Is this something to worry about?

The early days are a steep learning curve.  Babies do some really weird things in the early days and it’s sometimes hard to work out if it’s something to worry about or not. The hardest thing is to see our babies look uncomfortable or not be able to stop the crying.  We want to help them feel better.  

So what (if anything) can we do?

Does my baby have reflux?

Probably!  Around half of babies do.  Did you know that it’s really common for babies to bring up a bit of milk after a feed?  If a baby brings up milk several times a day, but is otherwise ok, there is no need to do anything at all, this is known as physiological (or normal) reflux.  This doesn’t require medication.  Your baby will probably screw up their face a little (because the milk tastes a bit sour) and may even straighten their body or fuss a little.  

If you’re concerned, the first line of action (whether you’re breastfeeding or bottlefeeding) should be a feeding assessment.  (NICE, 2019)  As an IBCLC, I can do a feeding assessment on babies, you can contact me here

But doesn't back arching mean reflux?

I often see people interpreting back arching as a sign that a baby is in pain and therefore must have reflux.  Babies arch their backs for a lot of reasons.  Often, they’re protesting at lying flat on their back.  Back arching is one of the few movements they can do as newborns:  back arching will eventually evolve into rolling, so your baby might just be trying to get off his/her back.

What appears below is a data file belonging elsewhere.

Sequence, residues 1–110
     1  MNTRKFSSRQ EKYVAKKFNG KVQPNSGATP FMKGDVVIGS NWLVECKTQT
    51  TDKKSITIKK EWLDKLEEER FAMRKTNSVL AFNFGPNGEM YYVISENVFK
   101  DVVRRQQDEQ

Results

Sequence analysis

Remember, their default position where they are always happiest, is curled up on your chest.  Back arching can also be a late sign of tiredness, so have a think about the last time he/she slept (Hookway, 2018).  Maybe your baby needs a nap!  

If back arching happens while feeding, the baby is possibly struggling with either a fast or slow flow. A feeding assessment might help identify if this is an issue.  

Why is my baby so windy and gassy?

Babies burp and fart a lot!  Their digestive system adjusts rapidly to having to digest milk. They quickly colonize their gut with bacteria which will become part of their immune system and helps them digest food.  All of this results in a lot of wind (from both ends!) which they can struggle to get rid of.  I’ve done a video here, which shows some winding techniques which may help.  

Carrying your baby in a sling during the day may help, as can a bit of gentle tummy massage before bed, or a warm bath where their tummy is completely submerged under the water.  Some parents find doing little bicycle movements with their baby’s legs helps, too.  Like most newborn behaviour, the amount of wind and the discomfort it causes, improves with time.

Why is my baby grunting and wriggling all night?

Babies can make really weird noises at night time.  You probably don’t notice them so much during the day, but at night time they can sound really loud.  Remember, their digestive systems are developing rapidly so they are probably experiencing all kinds of weird sensations.  Babies also have a lot more light sleep than we do. Around half the time they are sleeping is spent in light sleep, so you’ll see a lot more movement than you might expect, as well.  

Usually they don’t need to be lifted unless they are crying, but it might be helpful to just wait and watch (or try to sleep).  It’s not a sign that they are uncomfortable, they are just being babies.  (Pantley, 2020)  Some parents find that their babies are more settled and quiet if they co-sleep, so that might be something to consider too, as long as you can do it safely

My baby is straining and crying before doing a poo! Are they constipated?